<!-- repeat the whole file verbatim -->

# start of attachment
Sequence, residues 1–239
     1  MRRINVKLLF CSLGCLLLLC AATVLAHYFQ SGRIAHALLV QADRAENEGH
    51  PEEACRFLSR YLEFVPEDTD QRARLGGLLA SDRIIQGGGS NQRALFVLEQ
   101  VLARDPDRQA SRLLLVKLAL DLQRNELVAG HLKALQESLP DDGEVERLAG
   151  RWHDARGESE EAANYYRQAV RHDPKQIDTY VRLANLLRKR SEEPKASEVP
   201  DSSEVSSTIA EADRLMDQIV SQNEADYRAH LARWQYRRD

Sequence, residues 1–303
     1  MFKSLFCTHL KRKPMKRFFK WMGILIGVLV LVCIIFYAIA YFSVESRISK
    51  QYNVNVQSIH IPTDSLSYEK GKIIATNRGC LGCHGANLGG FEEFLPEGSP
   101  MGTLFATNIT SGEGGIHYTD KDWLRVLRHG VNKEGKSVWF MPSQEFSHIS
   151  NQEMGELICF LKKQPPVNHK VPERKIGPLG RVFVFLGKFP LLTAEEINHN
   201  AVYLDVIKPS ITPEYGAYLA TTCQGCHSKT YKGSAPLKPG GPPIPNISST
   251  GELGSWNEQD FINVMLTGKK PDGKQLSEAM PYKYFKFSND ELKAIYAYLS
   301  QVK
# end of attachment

Sequence, residues 1–239
     1  MRRINVKLLF CSLGCLLLLC AATVLAHYFQ SGRIAHALLV QADRAENEGH
    51  PEEACRFLSR YLEFVPEDTD QRARLGGLLA SDRIIQGGGS NQRALFVLEQ
   101  VLARDPDRQA SRLLLVKLAL DLQRNELVAG HLKALQESLP DDGEVERLAG
   151  RWHDARGESE EAANYYRQAV RHDPKQIDTY VRLANLLRKR SEEPKASEVP
   201  DSSEVSSTIA EADRLMDQIV SQNEADYRAH LARWQYRRD

Sequence, residues 1–303
     1  MFKSLFCTHL KRKPMKRFFK WMGILIGVLV LVCIIFYAIA YFSVESRISK
    51  QYNVNVQSIH IPTDSLSYEK GKIIATNRGC LGCHGANLGG FEEFLPEGSP
   101  MGTLFATNIT SGEGGIHYTD KDWLRVLRHG VNKEGKSVWF MPSQEFSHIS
   151  NQEMGELICF LKKQPPVNHK VPERKIGPLG RVFVFLGKFP LLTAEEINHN
   201  AVYLDVIKPS ITPEYGAYLA TTCQGCHSKT YKGSAPLKPG GPPIPNISST
   251  GELGSWNEQD FINVMLTGKK PDGKQLSEAM PYKYFKFSND ELKAIYAYLS
   301  QVK